Adria Airways (5.98) is the largest airline in Slovenia. This is an airline rarely mentioned in blog posts. It is a member of Star Alliance though and can be used for redemptions on short segments. One-way segments can be as cheap as 8,000 United MileagePlus miles. I have never flown Adria but would fly one of their three (right, three) Airbus A319’s. The rest of their fleet is made up of CRJ700’s & 900’s and six Saab 2000’s.
Aerolineas Argentinas (5.97) is Argentina’s national carrier and largest airline. It is headquartered in Buenos Aires. The company has an interesting history, and today is run by the Argentine government and now owned by the Argentine government as well. Hmmm, a government owned and operated airline? I don’t see a problem with that, but maybe that explains the poor ratings on claims processing? Pretty near the bottom of airlines rated, it has been the speculation of many acquisition talks but nothing has materialized. It is, since 2012, a member of the SkyTeam alliance.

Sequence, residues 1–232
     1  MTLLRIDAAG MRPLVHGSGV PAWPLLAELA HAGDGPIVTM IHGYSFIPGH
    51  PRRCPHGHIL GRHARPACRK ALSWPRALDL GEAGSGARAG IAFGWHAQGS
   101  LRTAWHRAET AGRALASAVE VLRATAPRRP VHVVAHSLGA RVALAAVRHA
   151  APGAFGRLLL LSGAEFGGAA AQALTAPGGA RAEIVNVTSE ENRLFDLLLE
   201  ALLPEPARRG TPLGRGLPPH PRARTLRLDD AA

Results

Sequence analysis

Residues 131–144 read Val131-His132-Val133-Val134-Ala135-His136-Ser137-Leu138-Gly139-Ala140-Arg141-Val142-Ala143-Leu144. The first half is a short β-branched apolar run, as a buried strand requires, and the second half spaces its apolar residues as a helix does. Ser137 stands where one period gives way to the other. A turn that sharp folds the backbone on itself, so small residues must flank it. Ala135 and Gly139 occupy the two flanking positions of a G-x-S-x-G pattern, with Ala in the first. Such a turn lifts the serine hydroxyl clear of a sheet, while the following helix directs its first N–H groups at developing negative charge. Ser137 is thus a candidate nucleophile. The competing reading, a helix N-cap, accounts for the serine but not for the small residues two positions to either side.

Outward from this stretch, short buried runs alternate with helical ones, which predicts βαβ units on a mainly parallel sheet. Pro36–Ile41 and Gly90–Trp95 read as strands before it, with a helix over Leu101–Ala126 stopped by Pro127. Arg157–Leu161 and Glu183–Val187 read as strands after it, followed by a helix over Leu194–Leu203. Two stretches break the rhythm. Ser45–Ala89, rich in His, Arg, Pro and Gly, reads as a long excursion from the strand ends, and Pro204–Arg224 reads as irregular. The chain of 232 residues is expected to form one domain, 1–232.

Transavia (5.84) is a Dutch budget airline and is owned by KLM, so its part of the KLM-Air France group and SkyTeam. Based out of Amsterdam the airline is in a prime location for intra-European flights. It is often a good go-to cheaper option. Having flown them several times, I almost liken them to Southwest Airlines, plus they operate Boeing 737’s for their fleet.
Laudamotion (5.69) has gone through some significant changes. It was previously known as Niki, then Laudamotion and most recently as Lauda, after it was primarily purchased by Ryanair. In its early history it was a charter airline catering to businesses with a fleet of private jets. Something got lost in the transition to commercial passenger service and that may explain why it faired so low in the rankings.
Norwegian (5.67) is Norway’s low-cost airline as well as their largest airline. It is the third largest low-cost carrier in Europe behind easyJet and Ryanair and the ninth-largest low-cost airline in the world. To many Americans, Norwegian rose to fame as Norwegian launched its long-haul flights between Europe and North America in mid-2013. One of its chief low-cost competitors, WOW Air, declared bankruptcy ceasing all operations with no notice. Likely this has helped Norwegian gain some passenger traffic. Unfortunately, it seems obvious from the results they need to do a better job handling customer claims to keep that traffic momentum.